When Should I Get One?
Think of it this way. If you wanted to find out how effective the security system of your house was, you could hire someone to attempt to burglarize you and your home. That’s essentially what a pen test does. If you don’t have a home security system in place yet though, the staged break-in would be too easy. It’s important that you do a home inspection and install your security controls before testing how they work.
The same is true with a penetration test. If you’ve never had a proper security assessment done on your organization and security practices (or if you don’t have security practices in place at all), finding out how vulnerable they are is both premature and a waste of your time and money.
What Should I Look For?
If you have had a security assessment done for your organization and are ready to schedule a penetration test, there are three things you should consider before selecting someone (or an organization) to conduct the security testing for you:
Is the tester just going to wing it or is there a process rooted in an industry standard? Lack of documented, repeatable methods are a sign that you’re working with an amateur.
Don’t settle for someone who’s only going to point out problems. Expect at a minimum an executive summary, a full report with “attack narrative” and appropriate, doable recommendations rooted in reality.
A Real Penetration Tester
Insist on talking to your pen tester. It’s important to vet them about his or her background and experience. At AOP we do about 100 penetration tests per year, and our team has OSCP training as well as numerous competition awards (like Defcon CTF and Wild West Hacking Fest). If you’re going to have one of these tests done, find a security expert who has similar experience and accolades, so you know you’re not just getting some ‘script kiddie’.
What Does this Cost?
At AOP, we believe in telling the truth (it’s actually our number one core value as a company). After searching for the cost of a network penetration test on my favorite search engine, few people ACTUALLY attempted to answer the question. Most just said, “it depends.”
Well, buckle up, because
Let’s do this by size of organization.
External Network Penetration Test Pricing
External testing attacks network devices from the internet.
- $5,000 for a small business (fewer than 100 employees) with fewer than 10 active, public-facing IP’s.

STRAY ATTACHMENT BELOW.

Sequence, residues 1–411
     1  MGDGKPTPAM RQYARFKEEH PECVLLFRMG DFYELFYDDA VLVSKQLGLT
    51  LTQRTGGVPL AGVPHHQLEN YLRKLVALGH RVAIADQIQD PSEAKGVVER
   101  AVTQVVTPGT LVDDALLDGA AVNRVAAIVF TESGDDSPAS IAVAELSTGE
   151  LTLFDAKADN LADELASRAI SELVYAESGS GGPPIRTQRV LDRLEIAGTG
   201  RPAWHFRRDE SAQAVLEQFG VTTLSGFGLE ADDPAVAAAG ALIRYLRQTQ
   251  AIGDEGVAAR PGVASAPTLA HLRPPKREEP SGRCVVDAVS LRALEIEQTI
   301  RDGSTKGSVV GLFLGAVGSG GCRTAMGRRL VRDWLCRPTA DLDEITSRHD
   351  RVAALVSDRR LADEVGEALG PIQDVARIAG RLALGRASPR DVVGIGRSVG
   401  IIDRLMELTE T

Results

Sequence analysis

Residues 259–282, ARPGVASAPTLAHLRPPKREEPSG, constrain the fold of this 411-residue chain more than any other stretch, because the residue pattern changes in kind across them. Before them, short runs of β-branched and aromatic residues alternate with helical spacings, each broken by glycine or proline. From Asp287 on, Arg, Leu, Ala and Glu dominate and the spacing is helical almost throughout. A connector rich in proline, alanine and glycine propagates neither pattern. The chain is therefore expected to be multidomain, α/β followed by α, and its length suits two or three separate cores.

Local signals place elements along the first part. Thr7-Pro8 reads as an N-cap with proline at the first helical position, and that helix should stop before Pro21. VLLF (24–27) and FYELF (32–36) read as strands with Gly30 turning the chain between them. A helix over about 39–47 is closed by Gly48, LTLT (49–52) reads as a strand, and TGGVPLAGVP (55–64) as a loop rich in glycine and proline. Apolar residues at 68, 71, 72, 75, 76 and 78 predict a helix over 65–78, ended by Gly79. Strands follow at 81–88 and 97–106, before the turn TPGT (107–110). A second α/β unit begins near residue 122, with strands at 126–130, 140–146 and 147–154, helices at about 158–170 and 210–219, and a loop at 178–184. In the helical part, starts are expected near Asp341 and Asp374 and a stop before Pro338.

- $10,000-$15,000 for a medium-sized business (100-500 employees) with fewer than 25 active, public-facing IP’s.
- $15,000-$30,000 for upper mid-market companies (1,000-3,000 employees) with 25-50 active, public facing IP’s.
- $50,000+ for large companies (fortune 500-ish) with hundreds of active, public-facing IP’s.
Internal Network Penetration Test Pricing
Internal testing attacks network infrastructure from inside your network.
- $7,500 for a small business (fewer than 100 employees) with <100 network devices.
- $10,000-$15,000 for a medium-sized business (100-500 employees) with <500 network devices.
- $25,000-$50,000 for upper mid-market companies (1,000-3,000 employees) with <3,000 network nodes.
- $75,000+ for large companies (fortune 500-ish) with thousands of network nodes.
If your penetration test is pursuant to PCI compliance, add ~25% to the cost. There’s just more paperwork and a level of tedium involved to get it right.
Of course, I’m obligated to say that every network is different and that you should get a customized quote. Get a few. Make sure they are apples to
For more information on penetration testing, and to find out how to schedule one for your organization, visit AOP.com.
Nearly 70 percent of all ransomware attacks this year have targeted U.S. state, local and county governments, a new report by cybersecurity provider Barracuda Networks found.
When it comes to the IT infrastructure of your business, what is your managed IT services team doing that supports your overall technology goals? Is your provider proactively managing your IT needs, or have they left your scrambling for IT help when a problem occurs?